Minicamp not mandatory for all Packers; vets excused once again

GREEN BAY, Wis. -- The word "mandatory" applies only to certain members of the Green Bay Packers when it comes to this week’s minicamp.

For the second year in a row, coach Mike McCarthy excused selected veterans from what is the only mandatory event of the offseason workout schedule, he said during an interview Monday on ESPN 540 Milwaukee radio at his charity golf outing to benefit American Family Children's Hospital in Madison, Wisconsin.

Last year, any player with at least five years of NFL experience was given the week off. McCarthy will enact the same plan this year. In fact, it began last week for the final OTA practice.

“We had a practice [last Friday] with all the players under six years,” McCarthy said on ESPN 540 Milwaukee. “To me, Friday and these three practices in front of us are the most important practices of the offseason because the reps go up for everybody. You look for those first-, second-, third-, fourth-, fifth-year [players]; you look for guys to step up and take a little bit of a leadership role on the practice field. I think this is the second or third year we’ve done this, and I feel like we’ve gotten a lot of out of it. I’m looking forward to these three practices.”

By that measure, there will be 16 players who won’t participate in this week’s practices. They are: quarterback Aaron Rodgers, receivers Jordy Nelson and Randall Cobb, tight ends Martellus Bennett and Lance Kendricks plus offensive linemen Don Barclay, Bryan Bulaga and Jahri Evans on offense; safety Morgan Burnett, cornerback Davon House defensive linemen Mike Daniels, Ricky Jean Francois and Letroy Guion plus linebackers Nick Perry and Clay Matthews on defense; and kicker Mason Crosby.

So when the Packers hit the field on Tuesday for the final three days of their offseason program, the practices will look significantly different from most teams’ workouts this week. The next time anyone sees Rodgers & Co. on the field will be July 27, the first day of training camp practices in Green Bay.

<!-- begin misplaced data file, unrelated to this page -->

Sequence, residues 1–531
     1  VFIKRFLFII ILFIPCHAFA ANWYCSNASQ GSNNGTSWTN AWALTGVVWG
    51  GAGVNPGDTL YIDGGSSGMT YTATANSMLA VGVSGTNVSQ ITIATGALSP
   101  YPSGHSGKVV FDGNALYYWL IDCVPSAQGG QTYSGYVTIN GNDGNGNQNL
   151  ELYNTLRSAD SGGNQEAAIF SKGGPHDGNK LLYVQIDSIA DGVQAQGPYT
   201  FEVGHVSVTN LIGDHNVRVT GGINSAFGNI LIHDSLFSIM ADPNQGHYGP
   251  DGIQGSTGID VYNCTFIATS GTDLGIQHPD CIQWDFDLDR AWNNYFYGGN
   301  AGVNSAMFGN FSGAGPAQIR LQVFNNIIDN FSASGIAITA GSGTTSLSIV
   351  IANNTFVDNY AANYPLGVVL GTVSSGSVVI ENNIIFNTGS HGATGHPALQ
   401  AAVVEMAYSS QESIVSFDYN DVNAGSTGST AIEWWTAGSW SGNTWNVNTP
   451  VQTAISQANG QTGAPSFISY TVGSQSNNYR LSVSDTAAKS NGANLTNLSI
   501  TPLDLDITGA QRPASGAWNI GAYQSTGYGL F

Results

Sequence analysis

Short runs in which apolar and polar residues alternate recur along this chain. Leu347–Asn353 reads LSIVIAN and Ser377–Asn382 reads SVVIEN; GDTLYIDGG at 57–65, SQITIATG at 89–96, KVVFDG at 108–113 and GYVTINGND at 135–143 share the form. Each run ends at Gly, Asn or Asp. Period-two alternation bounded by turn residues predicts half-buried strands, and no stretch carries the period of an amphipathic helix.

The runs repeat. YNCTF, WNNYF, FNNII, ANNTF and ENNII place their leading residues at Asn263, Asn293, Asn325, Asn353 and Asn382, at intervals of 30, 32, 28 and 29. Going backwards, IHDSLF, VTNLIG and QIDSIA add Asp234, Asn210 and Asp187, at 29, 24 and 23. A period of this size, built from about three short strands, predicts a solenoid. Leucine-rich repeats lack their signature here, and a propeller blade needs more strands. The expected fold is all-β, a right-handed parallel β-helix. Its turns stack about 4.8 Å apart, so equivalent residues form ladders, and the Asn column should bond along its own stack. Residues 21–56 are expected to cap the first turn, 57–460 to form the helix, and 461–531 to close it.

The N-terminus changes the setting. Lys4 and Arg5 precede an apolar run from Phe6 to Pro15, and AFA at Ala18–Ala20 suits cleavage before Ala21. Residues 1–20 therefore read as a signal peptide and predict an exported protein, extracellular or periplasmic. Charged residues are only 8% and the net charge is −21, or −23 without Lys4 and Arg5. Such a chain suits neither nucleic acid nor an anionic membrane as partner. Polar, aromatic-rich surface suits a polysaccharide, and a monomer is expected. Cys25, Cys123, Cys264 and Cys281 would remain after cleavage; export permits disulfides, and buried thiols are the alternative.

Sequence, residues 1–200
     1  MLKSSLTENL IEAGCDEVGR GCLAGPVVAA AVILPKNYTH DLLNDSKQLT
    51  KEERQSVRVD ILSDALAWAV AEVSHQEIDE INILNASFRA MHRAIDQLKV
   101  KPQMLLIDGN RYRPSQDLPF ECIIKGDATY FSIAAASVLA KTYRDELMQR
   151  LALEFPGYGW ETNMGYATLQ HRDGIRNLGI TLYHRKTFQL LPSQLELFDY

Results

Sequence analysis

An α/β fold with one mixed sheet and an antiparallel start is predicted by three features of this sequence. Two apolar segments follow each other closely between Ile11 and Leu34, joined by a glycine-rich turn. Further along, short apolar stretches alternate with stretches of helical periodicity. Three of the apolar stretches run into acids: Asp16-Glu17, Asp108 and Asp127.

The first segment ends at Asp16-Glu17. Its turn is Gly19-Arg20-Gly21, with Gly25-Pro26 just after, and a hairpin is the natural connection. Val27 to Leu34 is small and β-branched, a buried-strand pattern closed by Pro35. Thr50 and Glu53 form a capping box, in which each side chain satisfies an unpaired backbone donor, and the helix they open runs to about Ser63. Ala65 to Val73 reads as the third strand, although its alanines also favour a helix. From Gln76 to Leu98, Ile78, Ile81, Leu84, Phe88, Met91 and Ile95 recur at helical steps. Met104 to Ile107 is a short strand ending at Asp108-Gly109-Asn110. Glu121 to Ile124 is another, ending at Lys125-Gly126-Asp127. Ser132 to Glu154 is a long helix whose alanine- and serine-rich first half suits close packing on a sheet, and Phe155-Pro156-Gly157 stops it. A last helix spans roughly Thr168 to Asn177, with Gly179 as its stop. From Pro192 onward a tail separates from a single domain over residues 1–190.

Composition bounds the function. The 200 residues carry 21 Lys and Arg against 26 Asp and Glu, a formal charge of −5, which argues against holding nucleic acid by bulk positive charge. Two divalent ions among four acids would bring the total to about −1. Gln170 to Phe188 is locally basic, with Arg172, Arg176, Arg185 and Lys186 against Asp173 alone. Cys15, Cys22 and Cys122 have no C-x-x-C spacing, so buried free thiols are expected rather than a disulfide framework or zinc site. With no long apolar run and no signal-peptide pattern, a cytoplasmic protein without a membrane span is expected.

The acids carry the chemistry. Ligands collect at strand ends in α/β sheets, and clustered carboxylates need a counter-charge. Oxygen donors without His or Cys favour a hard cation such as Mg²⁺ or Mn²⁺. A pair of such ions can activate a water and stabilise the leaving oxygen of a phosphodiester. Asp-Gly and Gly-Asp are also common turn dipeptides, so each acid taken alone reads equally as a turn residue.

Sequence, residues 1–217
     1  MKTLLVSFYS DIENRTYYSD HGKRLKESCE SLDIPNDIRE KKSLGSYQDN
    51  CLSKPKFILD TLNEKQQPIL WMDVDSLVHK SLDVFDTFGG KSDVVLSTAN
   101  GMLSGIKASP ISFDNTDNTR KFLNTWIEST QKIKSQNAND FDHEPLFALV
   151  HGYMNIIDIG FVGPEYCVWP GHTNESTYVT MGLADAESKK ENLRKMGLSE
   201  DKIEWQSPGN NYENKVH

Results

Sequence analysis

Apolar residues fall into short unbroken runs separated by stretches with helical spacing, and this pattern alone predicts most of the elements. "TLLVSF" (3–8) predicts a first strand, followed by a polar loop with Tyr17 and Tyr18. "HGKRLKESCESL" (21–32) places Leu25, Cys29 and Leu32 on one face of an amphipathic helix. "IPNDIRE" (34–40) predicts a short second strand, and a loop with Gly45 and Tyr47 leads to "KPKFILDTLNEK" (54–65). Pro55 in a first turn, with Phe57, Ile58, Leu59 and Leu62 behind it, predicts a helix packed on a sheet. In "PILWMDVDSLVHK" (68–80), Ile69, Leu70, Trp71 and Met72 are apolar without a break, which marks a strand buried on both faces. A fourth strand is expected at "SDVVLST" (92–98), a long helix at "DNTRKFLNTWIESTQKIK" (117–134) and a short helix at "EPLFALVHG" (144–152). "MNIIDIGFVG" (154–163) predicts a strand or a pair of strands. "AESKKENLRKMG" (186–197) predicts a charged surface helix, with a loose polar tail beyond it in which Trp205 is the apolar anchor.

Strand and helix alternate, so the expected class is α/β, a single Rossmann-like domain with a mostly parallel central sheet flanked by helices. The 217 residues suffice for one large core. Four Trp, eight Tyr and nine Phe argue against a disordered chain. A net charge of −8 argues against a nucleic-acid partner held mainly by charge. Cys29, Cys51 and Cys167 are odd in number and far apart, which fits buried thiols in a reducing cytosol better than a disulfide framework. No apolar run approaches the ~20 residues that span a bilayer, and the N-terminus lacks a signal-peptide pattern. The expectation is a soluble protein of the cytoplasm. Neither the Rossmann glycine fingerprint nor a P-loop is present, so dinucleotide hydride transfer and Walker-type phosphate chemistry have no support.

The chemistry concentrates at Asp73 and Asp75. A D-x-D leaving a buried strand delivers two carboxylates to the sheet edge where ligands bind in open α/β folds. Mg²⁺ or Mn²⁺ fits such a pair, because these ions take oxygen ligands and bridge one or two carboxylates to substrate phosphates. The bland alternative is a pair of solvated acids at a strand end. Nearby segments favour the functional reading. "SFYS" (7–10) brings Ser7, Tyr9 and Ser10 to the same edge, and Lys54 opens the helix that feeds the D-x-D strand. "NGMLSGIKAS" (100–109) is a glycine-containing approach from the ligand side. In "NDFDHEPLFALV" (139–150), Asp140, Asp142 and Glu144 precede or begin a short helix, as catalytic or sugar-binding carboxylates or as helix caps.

McCarthy said earlier this offseason that the minicamp “is designed for our younger players.”

Last year, McCarthy said he did that because the Packers had an extra week of training camp since they were playing the Hall of Fame Game.

“Really, if you look at the veterans' workload as far as the nine-week offseason program, training camp and everything leading up to the beginning of this season, they're excused from three practices today, but they'll have four or five practices that first week,” McCarthy said last June. “So they'll actually still have the same amount of work or a little more than they would in a normal training camp.

"So that's the starting point. And then with that, playing an extra preseason game our young players are going to play a lot more. This gives us another four or five practices to get those young players ready to play in that game. That's really the baseline of the decision, and I thought it definitely was a win-win for everybody."

This year, however, the Packers will play only the traditional four preseason games.

It also will be the first look the Packers will get at their top draft pick, cornerback Kevin King. The 33rd overall pick was barred from participating in the offseason program because his college, the University of Washington, was still in session through last week. The Packers expect King to compete for one of the starting cornerback jobs. King had been trying to keep up remotely by holding video conference meetings with his position coach, Joe Whitt.

“It will be good to see him outside of FaceTiming,” McCarthy said.